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China’s EV Export Boom is Driving up Demand for RoRo Ships

China’s electric car export boom has fueled demand in the country for automobile transport ships, driving up prices for foreign buyers.

Overall, in March, Chinese ship exports fell 5.9% year-on-year by quantity in March to 399, after steadily rising for most of this decade. By value, they increased 34% to $3.1 billion. So called Roll-on/roll-off, or RoRo, vessels, are bigger and more expensive than ships used to transport containers or bulk commodities like coal, grain, and oil.

Car companies in China need the new ships. The country’s exports of motor vehicles increased 29.1% to $9.4 billion. And consumers in China are increasingly buying domestic. Imports of vehicles shrank 24.2% to $2.9 billion. 

The ramp-up in Chinese car exports requires a capacity increase. Vessels large and technology-equipped enough to carry thousands of cars to the other side of the planet aren’t just lying around. China has been engaged in a furious bout of shipbuilding, for both commercial and military purposes. 

In 2023, Chinese ship production rose 12% from the year before, to over 40 million deadweight tons, easily most in the world. New order for RoRo ships make up 83% of global new orders, according to the China Association of the National Shipbuilding Industry. Shipyards in China are expected to build an additional 200 RoRo ships before 2026, double the number in the period between 2015 and 2022.

The car industry, however, can’t cover for a tepid global economy. Overall, Chinese exports declined 7.5% in March to $279.7 billion. Consumers in the U.S. and Europe are still trying to establish a post-Covid footing after stimulus money has run out. Exports to the European Union dropped 13.3% to $39 billion, and shipments to the U.S. dropped 11.9% to $36.7 billion.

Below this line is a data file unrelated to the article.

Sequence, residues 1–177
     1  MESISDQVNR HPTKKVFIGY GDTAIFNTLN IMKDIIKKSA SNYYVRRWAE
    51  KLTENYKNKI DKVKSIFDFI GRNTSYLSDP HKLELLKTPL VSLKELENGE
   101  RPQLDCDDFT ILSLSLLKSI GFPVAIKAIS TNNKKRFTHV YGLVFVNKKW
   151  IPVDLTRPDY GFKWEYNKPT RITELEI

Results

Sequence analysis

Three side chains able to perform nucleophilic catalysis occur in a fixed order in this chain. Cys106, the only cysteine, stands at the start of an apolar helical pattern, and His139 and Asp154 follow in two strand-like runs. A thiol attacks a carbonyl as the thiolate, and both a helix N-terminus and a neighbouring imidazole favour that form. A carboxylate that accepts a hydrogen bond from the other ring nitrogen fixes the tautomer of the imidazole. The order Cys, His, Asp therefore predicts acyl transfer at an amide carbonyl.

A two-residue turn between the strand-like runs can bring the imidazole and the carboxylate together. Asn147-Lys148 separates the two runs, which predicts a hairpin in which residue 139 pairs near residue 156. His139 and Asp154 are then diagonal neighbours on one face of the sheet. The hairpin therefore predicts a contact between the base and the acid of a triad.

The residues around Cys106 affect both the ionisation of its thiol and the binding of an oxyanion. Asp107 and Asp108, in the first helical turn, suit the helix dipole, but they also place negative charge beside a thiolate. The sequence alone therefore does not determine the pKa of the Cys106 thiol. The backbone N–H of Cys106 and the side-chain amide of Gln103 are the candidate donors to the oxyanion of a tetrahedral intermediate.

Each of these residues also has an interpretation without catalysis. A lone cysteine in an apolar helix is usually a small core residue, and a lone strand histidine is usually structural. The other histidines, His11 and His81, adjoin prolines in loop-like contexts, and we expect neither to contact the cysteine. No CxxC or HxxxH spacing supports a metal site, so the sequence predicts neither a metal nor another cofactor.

Asia seems to be faring a little better than other regions. Sales to ASEAN countries rose 1.4% to $52.9 billion. But expect the slump to continue. “Export volumes will rise more slowly this year, given that consumer spending in advanced economies is cooling and the tailwind from last year’s sharp drop in export prices is fading,” wrote Zichun Huang, an economist at Capital Economics.

Consumer demand isn’t the only risk. Treasury secretary Janet Yellen met with Chinese officials in early April to warn the country against overproduction that might flood global markets. The U.S. is investigating electric vehicles imports from China as a national security risk, and the EU has launched an anti-subsidy probe. China has complained to the World Trade Organization that U.S. subsidies for electric vehicles that prohibit Chinese parts are discriminatory.

The decline in exports was underpinned by slumps in sales of consumers staples. Exports of garments dropped 17.6% to $10.4 billion. Exports of toys fell 15.7% to $2.9 billion. Slightly brighter spots: Sales of household appliances fell only 0.6% to $8 billon, and shipments of high-tech products fell 0.9% to $72.5 billion.

Some markets that have seen promising are also flailing. Exports to India dropped 16.6% to $8.5 billion. Shipments to Russia, whose economy is starting to feel the effects of the war in Ukraine, fell 14.2% to $7.6 billon. However, exports to Vietnam rose 11.2% to $14.9 billion, and exports to Taiwan increased 6.6% to $6.2 billion.

Overall, imports fell 1.9% to $221.1 billion. Imports from the EU fell 5.7% to $23.3 billion, and purchases from the U.S. declined 12.5% to $13.8 billion. Imports from ASEAN countries fell 2.9% to $32 billion. Increasingly, China is buying more from other countries. Imports from India rose 4.8% to $2 billion, and imports from Russia increased 7.5% to $11.9 billion.

One reason that imports are faring better than exports: China still needs plenty of industrial commodities to build cars and ships. Imports of iron ore rose 5.3% to $12.7 billion, purchases of copper rose 15.1% to $5.1 billion, and shipments of high-tech goods to China rose 6.4% to $61.7 billion.

John W. Miller